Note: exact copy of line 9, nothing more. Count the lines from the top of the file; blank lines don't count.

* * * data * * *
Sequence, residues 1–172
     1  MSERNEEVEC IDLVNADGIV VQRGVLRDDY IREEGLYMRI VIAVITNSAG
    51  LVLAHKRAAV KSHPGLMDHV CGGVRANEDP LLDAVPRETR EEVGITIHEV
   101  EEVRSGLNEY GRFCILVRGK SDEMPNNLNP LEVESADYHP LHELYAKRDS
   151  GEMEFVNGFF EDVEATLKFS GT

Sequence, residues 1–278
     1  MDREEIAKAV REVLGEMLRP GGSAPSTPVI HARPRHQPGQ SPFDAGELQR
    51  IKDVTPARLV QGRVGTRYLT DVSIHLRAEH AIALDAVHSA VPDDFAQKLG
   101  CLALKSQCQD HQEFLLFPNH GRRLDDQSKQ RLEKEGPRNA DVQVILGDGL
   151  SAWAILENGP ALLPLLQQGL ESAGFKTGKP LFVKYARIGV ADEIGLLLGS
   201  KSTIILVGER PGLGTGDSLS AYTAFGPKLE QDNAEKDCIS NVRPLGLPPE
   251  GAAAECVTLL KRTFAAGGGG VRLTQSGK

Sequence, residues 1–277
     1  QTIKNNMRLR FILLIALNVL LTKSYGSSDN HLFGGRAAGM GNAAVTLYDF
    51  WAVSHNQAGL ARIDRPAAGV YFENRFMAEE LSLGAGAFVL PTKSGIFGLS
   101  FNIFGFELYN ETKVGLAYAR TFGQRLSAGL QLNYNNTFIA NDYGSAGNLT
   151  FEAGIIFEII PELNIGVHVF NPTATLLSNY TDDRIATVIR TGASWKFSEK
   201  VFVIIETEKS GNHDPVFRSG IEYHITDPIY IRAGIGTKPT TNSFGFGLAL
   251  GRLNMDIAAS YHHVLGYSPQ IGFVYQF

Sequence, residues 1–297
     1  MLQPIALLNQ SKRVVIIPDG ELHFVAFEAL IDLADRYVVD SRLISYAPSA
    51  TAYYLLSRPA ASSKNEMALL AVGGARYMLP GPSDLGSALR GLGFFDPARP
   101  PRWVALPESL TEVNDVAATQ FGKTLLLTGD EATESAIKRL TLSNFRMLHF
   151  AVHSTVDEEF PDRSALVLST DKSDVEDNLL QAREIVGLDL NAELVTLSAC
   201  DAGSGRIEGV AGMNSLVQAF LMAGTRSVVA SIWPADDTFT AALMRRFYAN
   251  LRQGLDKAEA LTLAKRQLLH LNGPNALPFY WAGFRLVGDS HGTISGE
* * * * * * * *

   101  CLALKSQCQD HQEFLLFPNH GRRLDDQSKQ RLEKEGPRNA DVQVILGDGL